This study will analyze elements of Tennessee Williams' play The Glass Menagerie. The play will be analyzed from the point of view of method acting, using the book Method Actors, by Steve Vineberg. This study disagrees with Williams himself, who says that his play should not be presented realistically. Method acting is based on the belief that emotions should be acted realistically.
The theory of method acting as described by Vineberg began with Konstantin Stanislavski in Russia. Today, in the United States, Vineberg says that
American culture has led our actors straight to it.
. . . The Method, because of its link with realism, its affirmation of Freud, and its focus on adolescent rebellion as the core of much adult behavior, is a natural dramatic expression of the way Americans understand and define themselves (Vineberg xii).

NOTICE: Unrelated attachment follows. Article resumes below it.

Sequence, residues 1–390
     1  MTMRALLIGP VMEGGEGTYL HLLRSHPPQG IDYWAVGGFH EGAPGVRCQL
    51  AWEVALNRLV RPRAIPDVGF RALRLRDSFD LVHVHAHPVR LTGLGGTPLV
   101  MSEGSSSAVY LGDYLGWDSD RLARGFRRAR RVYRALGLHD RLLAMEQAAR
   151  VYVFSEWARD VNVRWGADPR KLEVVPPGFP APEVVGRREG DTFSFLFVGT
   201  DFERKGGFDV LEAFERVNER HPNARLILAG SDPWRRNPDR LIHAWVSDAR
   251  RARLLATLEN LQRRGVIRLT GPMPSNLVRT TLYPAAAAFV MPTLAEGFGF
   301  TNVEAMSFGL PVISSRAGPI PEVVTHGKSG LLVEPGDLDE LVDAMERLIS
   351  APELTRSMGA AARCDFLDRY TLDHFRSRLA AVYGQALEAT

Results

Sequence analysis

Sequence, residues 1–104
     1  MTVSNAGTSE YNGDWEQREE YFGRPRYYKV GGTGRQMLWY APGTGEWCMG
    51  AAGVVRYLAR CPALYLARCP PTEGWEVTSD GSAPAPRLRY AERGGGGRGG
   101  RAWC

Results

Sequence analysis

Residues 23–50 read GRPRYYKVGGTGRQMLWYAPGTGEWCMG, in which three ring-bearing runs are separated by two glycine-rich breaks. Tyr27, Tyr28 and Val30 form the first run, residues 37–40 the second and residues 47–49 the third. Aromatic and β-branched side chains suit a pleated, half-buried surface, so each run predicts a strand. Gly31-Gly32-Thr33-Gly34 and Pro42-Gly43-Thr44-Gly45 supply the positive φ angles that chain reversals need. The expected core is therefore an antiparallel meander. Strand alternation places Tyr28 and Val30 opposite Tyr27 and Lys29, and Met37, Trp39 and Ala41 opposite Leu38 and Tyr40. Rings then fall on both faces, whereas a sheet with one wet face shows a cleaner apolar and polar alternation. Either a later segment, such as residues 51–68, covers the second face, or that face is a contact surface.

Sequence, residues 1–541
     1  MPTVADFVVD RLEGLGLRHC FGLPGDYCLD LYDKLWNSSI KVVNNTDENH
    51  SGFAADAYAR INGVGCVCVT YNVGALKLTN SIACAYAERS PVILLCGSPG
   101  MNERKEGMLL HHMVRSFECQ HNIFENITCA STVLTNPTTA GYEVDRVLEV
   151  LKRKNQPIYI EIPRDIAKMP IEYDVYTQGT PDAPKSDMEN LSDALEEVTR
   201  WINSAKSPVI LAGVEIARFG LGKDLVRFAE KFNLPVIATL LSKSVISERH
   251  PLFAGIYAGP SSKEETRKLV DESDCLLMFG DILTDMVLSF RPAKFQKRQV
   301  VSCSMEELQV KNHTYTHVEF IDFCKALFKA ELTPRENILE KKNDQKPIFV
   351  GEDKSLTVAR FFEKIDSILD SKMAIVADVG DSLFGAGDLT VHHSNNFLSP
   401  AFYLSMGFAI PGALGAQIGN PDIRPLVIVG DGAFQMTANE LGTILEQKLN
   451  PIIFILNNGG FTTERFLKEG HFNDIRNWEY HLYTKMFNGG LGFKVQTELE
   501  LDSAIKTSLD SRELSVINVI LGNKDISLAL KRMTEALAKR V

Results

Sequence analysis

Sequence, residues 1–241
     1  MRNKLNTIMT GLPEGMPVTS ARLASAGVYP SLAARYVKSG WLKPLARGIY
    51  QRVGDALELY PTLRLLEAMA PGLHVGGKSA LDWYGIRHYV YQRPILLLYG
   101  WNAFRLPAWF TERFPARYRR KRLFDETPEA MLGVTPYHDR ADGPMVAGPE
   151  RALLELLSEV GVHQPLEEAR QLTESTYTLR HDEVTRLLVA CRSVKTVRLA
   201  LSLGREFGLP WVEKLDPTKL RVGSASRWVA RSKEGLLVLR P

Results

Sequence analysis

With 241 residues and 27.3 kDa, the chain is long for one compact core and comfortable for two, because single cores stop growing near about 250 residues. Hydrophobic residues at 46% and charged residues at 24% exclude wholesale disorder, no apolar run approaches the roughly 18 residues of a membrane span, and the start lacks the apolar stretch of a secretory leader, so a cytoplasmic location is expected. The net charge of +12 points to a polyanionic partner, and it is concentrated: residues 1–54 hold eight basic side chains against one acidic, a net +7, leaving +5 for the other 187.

Williams' play is mainly about Laura's search for love and her fragileness. She is an extremely emotional character, and it is important for the success of the play that her emotions are expressed in a realistic and believable way. In the college production of the play which I saw, the actor playing Laura was not able to express the character's emotions realistically, and the result was painful and embarrassing. If she had been trained in the Method, she would have more likely been able to do so. The techniques of the Method help the actor express emotions through the character which let the audience believe that they are seeing a human being undergoing real and painful emotions. There were also problems with the other characters (especially Tom and Amanda) and their efforts to portray emotions realistically, but the actor playing Laura was the worst. Her failure was most important because she is the emotional center of the play.
The part of the Method which this study will focus on is the realism which the Method is supposed to bring out in an actor's portrayal of a character. The production...